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What is Tinnitus?

Tinnitus (pronounced ti-NIGHT-us or TIN-i-tus) refers to hearing sounds in one or both ears, or in the head that are not coming from an outside sound source. It is described in various ways, including the following:

• Ringing

• Buzzing

• Chirping

• Whistling

• Cricket sound

• Seashell or ocean sound

• Pulsation, like a heartbeat

• Roaring

• Roaring pulse

• Hissing

• Hissing plus a tone

• Popping

Virtually everyone at one time or another experiences tinnitus. The American Tinnitus Association (ATA) is probably the best information resource on this topic. They report that more than 50 million Americans experience tinnitus. Tinnitus can be constant or intermittent. It can sometimes be noticeable mainly at night when it is quiet and there are no other noises to “mask” or cover it. It can occur in one or both ears, or it can seem to be in a person’s head (not the ears). It can be very faint or incredibly loud. Often, people with tinnitus consider it a non-bothersome fact of life or only somewhat bothersome. A number of other people consider it bothersome but can tolerate it. To a small percentage of sufferers, tinnitus can be experienced as tremendously stressful, upsetting, and even debilitating.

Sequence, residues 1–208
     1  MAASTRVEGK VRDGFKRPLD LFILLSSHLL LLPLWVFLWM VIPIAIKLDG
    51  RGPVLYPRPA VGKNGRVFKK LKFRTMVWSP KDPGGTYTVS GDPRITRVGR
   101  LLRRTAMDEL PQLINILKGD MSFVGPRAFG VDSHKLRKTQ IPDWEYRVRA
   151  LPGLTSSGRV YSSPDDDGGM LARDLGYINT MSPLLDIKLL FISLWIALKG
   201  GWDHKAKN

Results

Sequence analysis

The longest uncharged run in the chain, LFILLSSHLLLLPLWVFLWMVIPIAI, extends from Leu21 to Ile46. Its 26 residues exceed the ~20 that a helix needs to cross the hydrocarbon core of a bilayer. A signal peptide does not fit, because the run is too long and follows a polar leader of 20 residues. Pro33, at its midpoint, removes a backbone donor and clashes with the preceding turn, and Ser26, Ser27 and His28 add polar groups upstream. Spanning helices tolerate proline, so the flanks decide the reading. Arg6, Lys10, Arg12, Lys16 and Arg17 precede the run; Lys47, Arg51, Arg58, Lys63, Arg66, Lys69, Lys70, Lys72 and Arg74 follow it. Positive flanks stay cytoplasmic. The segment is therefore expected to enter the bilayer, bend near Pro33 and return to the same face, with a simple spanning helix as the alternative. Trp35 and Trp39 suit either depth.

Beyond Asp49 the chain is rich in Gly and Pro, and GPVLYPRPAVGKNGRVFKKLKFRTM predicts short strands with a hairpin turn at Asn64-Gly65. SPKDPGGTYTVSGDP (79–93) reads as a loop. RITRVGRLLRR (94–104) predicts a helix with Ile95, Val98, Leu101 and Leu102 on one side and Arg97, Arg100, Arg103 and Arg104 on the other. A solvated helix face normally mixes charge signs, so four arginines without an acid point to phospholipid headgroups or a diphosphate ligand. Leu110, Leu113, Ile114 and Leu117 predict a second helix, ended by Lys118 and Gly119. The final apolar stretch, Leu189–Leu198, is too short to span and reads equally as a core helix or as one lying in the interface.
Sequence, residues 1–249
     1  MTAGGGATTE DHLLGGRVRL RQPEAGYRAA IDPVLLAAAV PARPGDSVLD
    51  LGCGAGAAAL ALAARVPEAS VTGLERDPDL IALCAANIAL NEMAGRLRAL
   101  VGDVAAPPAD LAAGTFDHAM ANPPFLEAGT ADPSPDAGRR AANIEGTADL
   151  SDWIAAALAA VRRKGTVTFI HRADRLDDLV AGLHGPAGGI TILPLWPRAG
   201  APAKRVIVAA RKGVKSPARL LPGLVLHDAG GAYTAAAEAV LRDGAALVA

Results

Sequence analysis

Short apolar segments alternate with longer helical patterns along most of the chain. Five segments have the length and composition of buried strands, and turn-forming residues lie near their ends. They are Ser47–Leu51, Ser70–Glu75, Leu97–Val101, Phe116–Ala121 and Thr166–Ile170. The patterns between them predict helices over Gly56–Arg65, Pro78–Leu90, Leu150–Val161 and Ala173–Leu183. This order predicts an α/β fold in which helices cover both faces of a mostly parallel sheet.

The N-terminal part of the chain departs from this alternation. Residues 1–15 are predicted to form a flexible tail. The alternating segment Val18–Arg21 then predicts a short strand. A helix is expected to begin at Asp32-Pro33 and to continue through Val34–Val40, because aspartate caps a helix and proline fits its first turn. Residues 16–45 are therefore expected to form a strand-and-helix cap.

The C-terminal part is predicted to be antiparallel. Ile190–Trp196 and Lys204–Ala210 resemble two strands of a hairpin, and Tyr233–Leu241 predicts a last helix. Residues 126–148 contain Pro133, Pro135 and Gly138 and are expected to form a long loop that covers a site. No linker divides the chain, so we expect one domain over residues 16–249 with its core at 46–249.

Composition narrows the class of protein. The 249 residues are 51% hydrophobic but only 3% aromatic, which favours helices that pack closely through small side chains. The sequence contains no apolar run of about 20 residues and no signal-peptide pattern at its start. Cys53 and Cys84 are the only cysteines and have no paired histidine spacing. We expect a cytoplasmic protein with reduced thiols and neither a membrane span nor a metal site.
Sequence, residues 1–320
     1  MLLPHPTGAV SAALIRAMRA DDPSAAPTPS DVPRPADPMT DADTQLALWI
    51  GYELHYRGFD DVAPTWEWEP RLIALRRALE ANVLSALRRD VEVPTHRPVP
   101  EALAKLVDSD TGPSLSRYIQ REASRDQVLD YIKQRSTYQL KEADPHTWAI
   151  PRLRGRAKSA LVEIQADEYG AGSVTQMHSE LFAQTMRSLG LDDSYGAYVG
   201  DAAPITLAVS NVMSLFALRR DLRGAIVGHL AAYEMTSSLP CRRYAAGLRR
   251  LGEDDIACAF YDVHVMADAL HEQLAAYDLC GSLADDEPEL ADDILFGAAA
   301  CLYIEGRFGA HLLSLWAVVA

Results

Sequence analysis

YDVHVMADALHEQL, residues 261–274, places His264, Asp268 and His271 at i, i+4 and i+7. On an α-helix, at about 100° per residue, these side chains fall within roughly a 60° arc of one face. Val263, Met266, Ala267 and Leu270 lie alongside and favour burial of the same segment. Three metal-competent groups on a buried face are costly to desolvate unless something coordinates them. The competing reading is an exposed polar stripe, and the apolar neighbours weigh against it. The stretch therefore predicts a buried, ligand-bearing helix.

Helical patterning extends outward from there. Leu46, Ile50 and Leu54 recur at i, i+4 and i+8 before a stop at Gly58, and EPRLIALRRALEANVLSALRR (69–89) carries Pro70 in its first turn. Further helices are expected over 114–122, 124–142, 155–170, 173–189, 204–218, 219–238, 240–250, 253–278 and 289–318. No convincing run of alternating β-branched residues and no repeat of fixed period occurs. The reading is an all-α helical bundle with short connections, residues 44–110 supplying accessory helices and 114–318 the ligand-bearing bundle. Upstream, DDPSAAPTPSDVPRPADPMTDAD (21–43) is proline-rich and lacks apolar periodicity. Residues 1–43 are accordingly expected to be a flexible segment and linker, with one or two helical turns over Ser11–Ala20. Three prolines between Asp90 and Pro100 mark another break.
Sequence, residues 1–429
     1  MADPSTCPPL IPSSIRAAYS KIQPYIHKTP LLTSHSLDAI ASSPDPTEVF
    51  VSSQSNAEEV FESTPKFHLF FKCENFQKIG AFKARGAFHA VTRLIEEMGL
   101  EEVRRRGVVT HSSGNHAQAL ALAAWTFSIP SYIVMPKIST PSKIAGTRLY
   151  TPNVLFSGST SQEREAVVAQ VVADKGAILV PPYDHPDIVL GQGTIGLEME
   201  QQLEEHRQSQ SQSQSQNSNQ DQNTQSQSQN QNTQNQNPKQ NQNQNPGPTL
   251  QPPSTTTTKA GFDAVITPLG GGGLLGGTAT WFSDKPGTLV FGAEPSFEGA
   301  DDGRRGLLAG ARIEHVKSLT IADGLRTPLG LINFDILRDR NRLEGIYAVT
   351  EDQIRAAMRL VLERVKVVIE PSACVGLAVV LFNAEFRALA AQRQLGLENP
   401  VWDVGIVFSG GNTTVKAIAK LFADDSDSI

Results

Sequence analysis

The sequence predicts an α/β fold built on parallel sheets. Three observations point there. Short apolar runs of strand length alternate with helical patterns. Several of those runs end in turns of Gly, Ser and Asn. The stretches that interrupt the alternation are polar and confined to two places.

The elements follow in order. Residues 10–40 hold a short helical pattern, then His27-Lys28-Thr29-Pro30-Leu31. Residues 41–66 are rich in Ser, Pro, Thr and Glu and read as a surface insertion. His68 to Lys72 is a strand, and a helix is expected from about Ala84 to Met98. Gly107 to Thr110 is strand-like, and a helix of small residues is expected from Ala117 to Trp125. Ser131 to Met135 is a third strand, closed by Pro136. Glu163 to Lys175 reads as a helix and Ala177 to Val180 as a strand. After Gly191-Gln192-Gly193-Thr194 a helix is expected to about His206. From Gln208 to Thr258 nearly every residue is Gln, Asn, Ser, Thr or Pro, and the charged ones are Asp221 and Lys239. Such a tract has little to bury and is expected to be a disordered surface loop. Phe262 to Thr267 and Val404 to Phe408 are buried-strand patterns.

What to Do if You Have Tinnitus

If you have any of the following symptoms relating to or in addition to your tinnitus, a consultation with your audiologist and/or physician or otolaryngologist (ENT physician) is recommended. If you see a physician first, you will likely be referred to an audiologist for a complete audiologic evaluation. This will help your physician rule out possible causes of your tinnitus. If you have hearing concerns and seek an audiological consultation first, your audiologist will help to determine whether your tinnitus complaints and other ear symptoms warrant referral to an ENT specialist.

Symptoms That Warrant Further Evaluation Include the Following:

• Tinnitus that is bothersome and of concern to you

• Tinnitus that developed suddenly

• Tinnitus in only one ear

• Tinnitus that is different in one ear than the other (louder or different sounding)

• Difficulty hearing in addition to tinnitus

• A feeling of fullness or pressure in the ear(s) or head accompanying the tinnitus

• The presence of dizziness or imbalance in addition to tinnitus

• Tinnitus that fluctuates along with hearing fluctuation

• Tinnitus that has a pulsing sound (like hearing your heartbeat in your ear)

What Causes Tinnitus?

The exact mechanism by which tinnitus is produced is not fully understood. Tinnitus is a symptom of whatever is causing it. It is not a disease in itself. Some causes of tinnitus can be treated immediately to clear up the tinnitus. Sometimes earwax impaction or an ear infection is the culprit and when these problems are resolved, so is the tinnitus. There are many possible causes of tinnitus. It can be the result of very small changes occurring anywhere in the auditory system or in related body systems that interact with the auditory system such as the nervous and vascular systems.